E X E R P T
“The odds are stacked against disaster resilience. If people and organizations need to experience a disaster before they start thinking about resilience, we are fighting a losing battle. Even then, when some do experience a disaster, if the incentives or disincentives don’t support building back better, stronger and more resilient those actions are unlikely to be accomplished.”
— Eric Holdeman – Disaster Resilience
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Interview with Tal by Willi
What is the Natural Disaster Resilience Leadership Project?
The Natural Disaster Resilience Leadership Project (NDRLP) was developed by Volunteering Queensland, the state peak body for volunteering, alongside a suit of resilience building projects back in 2010. The NDRLP is a four day capacity building workshop for community leaders, volunteers and members of emergency services that focuses on: developing a more holistic understanding of community resilience, creating a greater understanding within the community about the local emergency management arrangements, building leadership capacity at a grassroots level, and facilitating the creation of ‘action plans’.
These ‘action plans’ are basically project plans developed by the participants that are designed to address local issues and improve local community resilience. Since 2011 I have delivered this project in over 15 communities across the state as well as in New South Wales.
This project takes a very grassroots approach to community building and encourages people to consider the roles of community leaders, groups and non-profit organizations in resilience building and disaster management. Some examples of the action plans that have come out of the project include:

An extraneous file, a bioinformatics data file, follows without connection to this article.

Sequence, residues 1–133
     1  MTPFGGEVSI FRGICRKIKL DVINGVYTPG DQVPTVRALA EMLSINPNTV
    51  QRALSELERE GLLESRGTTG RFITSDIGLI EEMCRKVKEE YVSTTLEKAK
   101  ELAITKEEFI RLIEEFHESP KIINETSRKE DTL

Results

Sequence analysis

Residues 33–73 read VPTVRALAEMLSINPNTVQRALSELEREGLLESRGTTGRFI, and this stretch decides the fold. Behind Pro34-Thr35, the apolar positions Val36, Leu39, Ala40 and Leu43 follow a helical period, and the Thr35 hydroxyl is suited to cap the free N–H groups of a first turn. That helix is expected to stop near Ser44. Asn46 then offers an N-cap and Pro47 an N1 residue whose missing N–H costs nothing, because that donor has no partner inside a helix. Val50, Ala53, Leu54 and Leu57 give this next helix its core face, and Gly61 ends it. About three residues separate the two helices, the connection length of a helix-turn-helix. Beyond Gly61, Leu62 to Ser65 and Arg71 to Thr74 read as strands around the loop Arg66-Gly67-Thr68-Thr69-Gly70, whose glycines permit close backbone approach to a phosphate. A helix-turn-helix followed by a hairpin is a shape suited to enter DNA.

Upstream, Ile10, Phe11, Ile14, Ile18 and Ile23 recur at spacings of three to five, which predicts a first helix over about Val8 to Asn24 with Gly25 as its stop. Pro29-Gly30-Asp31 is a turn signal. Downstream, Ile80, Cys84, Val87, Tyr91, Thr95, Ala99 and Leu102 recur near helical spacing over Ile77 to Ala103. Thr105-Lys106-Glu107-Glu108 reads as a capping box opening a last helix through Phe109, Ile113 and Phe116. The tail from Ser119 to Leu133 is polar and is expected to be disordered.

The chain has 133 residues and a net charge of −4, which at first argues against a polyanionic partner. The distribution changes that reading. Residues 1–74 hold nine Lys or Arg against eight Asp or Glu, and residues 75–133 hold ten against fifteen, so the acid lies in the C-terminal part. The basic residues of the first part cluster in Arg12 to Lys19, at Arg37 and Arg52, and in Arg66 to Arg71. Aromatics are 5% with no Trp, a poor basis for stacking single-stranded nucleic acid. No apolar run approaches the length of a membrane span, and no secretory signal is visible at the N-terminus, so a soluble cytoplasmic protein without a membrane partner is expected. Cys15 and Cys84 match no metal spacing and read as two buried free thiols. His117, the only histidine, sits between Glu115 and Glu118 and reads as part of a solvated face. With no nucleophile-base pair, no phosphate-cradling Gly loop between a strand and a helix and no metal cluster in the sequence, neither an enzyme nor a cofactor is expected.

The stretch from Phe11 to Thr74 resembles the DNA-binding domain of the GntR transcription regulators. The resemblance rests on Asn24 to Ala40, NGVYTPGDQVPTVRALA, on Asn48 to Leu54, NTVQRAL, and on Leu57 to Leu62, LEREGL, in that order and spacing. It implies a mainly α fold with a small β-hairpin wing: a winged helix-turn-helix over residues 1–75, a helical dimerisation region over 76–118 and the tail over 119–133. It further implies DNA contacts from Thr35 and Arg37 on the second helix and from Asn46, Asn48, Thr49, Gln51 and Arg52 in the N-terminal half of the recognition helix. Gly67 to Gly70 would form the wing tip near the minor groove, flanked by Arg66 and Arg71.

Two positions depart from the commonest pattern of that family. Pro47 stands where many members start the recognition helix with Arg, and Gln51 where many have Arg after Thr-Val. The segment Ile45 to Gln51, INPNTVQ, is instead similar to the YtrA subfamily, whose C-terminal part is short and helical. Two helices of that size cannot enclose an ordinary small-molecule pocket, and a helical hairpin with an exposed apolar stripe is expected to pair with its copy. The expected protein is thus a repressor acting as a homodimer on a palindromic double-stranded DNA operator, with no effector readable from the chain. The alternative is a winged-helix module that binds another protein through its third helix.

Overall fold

+ Community wellness days and education campaigns run by local community organizations with the support of local councils and emergency management agencies
+ ‘Safety Warden’ project in a residential caravan park designed to help local emergency services provide timely and accurate information to residence and ensure that any evacuations are better managed due to improved information from that community
+ Aged and Disability support providers pledging to work with their patrons to increase their personal preparedness
+ Development of a youth leadership project which incorporates elements of disaster risk reduction and personal preparedness
+ ‘Street Party’ initiatives that encourages people to host disaster-preparedness themed street parties
+ Local chamber of commerce involvement in ongoing business continuity programs designed to help small local businesses prepare and mitigate for disaster
All of these action plans were initiated by the participants of the NDRLP and were delivered by community members or community organizations with little to no financial support. However, many of these projects relied on in kind support and expertise from local government and emergency management agencies.